Difference between revisions of "Jetson/Tutorials/Full Body Detection"

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(Created the full-body person detection tutorial)
 
(Full-body pedestrian detector: Mentioned how to get the commands and the power draw)
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  wget http://downloads.sourceforge.net/project/opencvlibrary/opencv-unix/2.4.9/opencv-2.4.9.zip
 
  wget http://downloads.sourceforge.net/project/opencvlibrary/opencv-unix/2.4.9/opencv-2.4.9.zip
 
  unzip opencv-2.4.9.zip
 
  unzip opencv-2.4.9.zip
 +
(If you don't have the wget or unzip commands, then run "sudo apt-get install wget unzip" to download & install them).
 
* Now simply build the OpenCV HOG (Hough Of Gradients) sample person detector program.
 
* Now simply build the OpenCV HOG (Hough Of Gradients) sample person detector program.
 
  cd opencv-2.4.9/samples/gpu
 
  cd opencv-2.4.9/samples/gpu
 
  g++ hog.cpp -lopencv_core -lopencv_imgproc -lopencv_highgui -lopencv_calib3d -lopencv_contrib -lopencv_features2d -lopencv_flann -lopencv_gpu -lopencv_legacy -lopencv_ml -lopencv_nonfree -lopencv_objdetect -lopencv_photo -lopencv_stitching -lopencv_superres -lopencv_video -lopencv_videostab -o hog
 
  g++ hog.cpp -lopencv_core -lopencv_imgproc -lopencv_highgui -lopencv_calib3d -lopencv_contrib -lopencv_features2d -lopencv_flann -lopencv_gpu -lopencv_legacy -lopencv_ml -lopencv_nonfree -lopencv_objdetect -lopencv_photo -lopencv_stitching -lopencv_superres -lopencv_video -lopencv_videostab -o hog
 +
(If you don't have the g++ command, then run "sudo apt-get install build-essential" to download & install it).
 
* Now you can run the HOG demo such as on a pre-recorded video of people walking around. The HOG demo displays a graphical output, hence you should plug a HDMI monitor in or use a remote viewer such as X Tunneling or VNC or TeamViewer on your desktop in order to see the output.
 
* Now you can run the HOG demo such as on a pre-recorded video of people walking around. The HOG demo displays a graphical output, hence you should plug a HDMI monitor in or use a remote viewer such as X Tunneling or VNC or TeamViewer on your desktop in order to see the output.
 
  ./hog --video 768x576.avi
 
  ./hog --video 768x576.avi
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./hog --camera 0
 
./hog --camera 0
 
Note: This looks for whole bodies and assumes they are small, so you need to stand atleast 5m away from the camera if you want it to detect you!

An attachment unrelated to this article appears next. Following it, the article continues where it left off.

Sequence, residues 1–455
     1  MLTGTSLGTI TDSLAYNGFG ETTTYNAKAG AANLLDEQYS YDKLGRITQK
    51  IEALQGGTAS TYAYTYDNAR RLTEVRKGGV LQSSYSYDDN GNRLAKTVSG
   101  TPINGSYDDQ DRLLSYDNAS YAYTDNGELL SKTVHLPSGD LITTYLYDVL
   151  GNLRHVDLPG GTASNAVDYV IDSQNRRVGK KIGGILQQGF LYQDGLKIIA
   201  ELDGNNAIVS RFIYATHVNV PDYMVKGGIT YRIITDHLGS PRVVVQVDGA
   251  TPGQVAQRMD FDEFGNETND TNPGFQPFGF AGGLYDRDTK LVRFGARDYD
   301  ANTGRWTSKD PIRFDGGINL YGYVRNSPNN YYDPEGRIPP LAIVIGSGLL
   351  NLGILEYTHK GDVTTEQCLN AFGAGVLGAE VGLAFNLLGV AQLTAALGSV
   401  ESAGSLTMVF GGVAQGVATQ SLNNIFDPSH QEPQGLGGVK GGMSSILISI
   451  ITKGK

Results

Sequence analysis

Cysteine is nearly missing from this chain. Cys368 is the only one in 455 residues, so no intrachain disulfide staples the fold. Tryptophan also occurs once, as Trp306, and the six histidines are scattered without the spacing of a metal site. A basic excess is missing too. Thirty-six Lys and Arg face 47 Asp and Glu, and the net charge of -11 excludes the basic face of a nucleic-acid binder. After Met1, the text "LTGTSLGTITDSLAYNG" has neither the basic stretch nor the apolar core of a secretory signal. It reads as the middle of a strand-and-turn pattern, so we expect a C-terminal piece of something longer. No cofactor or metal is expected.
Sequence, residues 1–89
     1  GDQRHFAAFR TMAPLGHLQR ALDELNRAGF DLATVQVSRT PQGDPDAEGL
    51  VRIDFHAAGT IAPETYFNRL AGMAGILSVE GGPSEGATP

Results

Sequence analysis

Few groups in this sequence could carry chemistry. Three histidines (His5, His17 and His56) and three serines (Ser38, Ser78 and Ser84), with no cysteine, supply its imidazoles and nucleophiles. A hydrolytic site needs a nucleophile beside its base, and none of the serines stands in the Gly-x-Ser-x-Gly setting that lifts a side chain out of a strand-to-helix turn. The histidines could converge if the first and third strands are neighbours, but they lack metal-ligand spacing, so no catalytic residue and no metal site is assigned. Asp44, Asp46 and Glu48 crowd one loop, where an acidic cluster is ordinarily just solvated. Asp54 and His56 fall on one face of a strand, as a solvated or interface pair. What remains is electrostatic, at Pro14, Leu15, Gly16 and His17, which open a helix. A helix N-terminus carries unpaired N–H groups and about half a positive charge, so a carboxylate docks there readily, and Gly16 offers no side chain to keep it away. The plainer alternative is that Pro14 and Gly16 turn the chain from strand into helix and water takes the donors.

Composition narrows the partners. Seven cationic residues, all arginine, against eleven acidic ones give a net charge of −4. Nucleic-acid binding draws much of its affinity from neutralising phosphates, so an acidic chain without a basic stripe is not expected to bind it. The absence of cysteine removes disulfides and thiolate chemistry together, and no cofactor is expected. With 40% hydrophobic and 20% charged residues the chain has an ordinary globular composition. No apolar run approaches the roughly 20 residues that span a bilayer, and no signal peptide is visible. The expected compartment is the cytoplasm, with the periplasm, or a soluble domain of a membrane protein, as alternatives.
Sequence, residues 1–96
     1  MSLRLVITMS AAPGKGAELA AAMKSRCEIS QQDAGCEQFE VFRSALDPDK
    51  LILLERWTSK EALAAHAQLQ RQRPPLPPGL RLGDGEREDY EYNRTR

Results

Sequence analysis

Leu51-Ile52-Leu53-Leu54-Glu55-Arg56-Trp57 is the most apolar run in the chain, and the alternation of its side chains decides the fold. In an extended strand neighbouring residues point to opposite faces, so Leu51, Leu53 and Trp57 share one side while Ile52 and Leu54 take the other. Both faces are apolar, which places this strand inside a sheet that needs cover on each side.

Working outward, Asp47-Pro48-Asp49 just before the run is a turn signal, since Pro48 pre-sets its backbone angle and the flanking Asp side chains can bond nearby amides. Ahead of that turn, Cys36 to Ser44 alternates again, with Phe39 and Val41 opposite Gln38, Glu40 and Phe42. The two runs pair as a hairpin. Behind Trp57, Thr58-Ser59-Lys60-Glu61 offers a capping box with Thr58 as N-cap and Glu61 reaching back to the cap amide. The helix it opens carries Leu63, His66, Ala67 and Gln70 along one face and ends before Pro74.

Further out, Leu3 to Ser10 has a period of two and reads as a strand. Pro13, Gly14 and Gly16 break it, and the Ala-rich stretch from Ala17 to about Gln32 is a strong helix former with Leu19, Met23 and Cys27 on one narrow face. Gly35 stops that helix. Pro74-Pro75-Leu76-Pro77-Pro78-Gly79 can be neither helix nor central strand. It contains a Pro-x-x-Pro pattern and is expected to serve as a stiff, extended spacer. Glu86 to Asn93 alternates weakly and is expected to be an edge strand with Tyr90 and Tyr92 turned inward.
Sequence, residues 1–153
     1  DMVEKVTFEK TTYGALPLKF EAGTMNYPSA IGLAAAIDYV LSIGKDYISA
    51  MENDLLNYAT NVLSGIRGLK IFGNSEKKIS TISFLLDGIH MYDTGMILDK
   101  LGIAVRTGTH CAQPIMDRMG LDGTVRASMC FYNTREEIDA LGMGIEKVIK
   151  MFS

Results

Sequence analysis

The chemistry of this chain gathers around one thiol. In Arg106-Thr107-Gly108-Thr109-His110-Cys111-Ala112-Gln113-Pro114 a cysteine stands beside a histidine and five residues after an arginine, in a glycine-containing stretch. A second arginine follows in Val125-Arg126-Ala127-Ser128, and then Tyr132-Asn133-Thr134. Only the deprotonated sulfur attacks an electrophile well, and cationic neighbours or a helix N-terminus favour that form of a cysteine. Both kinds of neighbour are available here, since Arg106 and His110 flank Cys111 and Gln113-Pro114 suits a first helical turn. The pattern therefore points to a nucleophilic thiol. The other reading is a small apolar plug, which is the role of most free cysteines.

Note: This looks for whole bodies and assumes they are small, so you need to stand atleast 5m away from the camera if you want it to detect you!
 +
 +
As mentioned in the [[Jetson/Computer_Vision_Performance#Power_draw_during_computer_vision_tasks|Power draw during computer vision tasks]] section, the typical power draw for a whole [[Jetson TK1]] board while running this "hog" demo (as well as a graphical desktop environment through HDMI) is around 4.6W for CPU or 4.7W for GPU mode, even though the GPU mode is running about 5x faster!

Revision as of 16:32, 25 June 2014

Full-body pedestrian detector

OpenCV comes with a HOG (Hough Of Gradients) sample person detector. It runs quite slowly on CPUs including desktop x86 CPUs, but OpenCV includes a CUDA-accelerated version in the OpenCV "gpu" module that runs much faster.

  • First, make sure you have installed the CUDA toolkit and the OpenCV development packages on your device, by following the CUDA tutorial and the OpenCV tutorial.
  • Now download the OpenCV sample code, that comes with the OpenCV source code. You can download this by visiting "http://opencv.org/" in a browser and clicking to download "OpenCV for Linux/Mac", or if you want to download this directly from the command-line then run this on the device:
wget http://downloads.sourceforge.net/project/opencvlibrary/opencv-unix/2.4.9/opencv-2.4.9.zip
unzip opencv-2.4.9.zip

(If you don't have the wget or unzip commands, then run "sudo apt-get install wget unzip" to download & install them).

  • Now simply build the OpenCV HOG (Hough Of Gradients) sample person detector program.
cd opencv-2.4.9/samples/gpu
g++ hog.cpp -lopencv_core -lopencv_imgproc -lopencv_highgui -lopencv_calib3d -lopencv_contrib -lopencv_features2d -lopencv_flann -lopencv_gpu -lopencv_legacy -lopencv_ml -lopencv_nonfree -lopencv_objdetect -lopencv_photo -lopencv_stitching -lopencv_superres -lopencv_video -lopencv_videostab -o hog

(If you don't have the g++ command, then run "sudo apt-get install build-essential" to download & install it).

  • Now you can run the HOG demo such as on a pre-recorded video of people walking around. The HOG demo displays a graphical output, hence you should plug a HDMI monitor in or use a remote viewer such as X Tunneling or VNC or TeamViewer on your desktop in order to see the output.
./hog --video 768x576.avi

You can toggle between CPU vs GPU by pressing 'm', where you will see that the GPU is typically 5x faster at HOG than the CPU! You can also run it live if you plug in a USB webcam: ./hog --camera 0 Note: This looks for whole bodies and assumes they are small, so you need to stand atleast 5m away from the camera if you want it to detect you!

As mentioned in the Power draw during computer vision tasks section, the typical power draw for a whole Jetson TK1 board while running this "hog" demo (as well as a graphical desktop environment through HDMI) is around 4.6W for CPU or 4.7W for GPU mode, even though the GPU mode is running about 5x faster!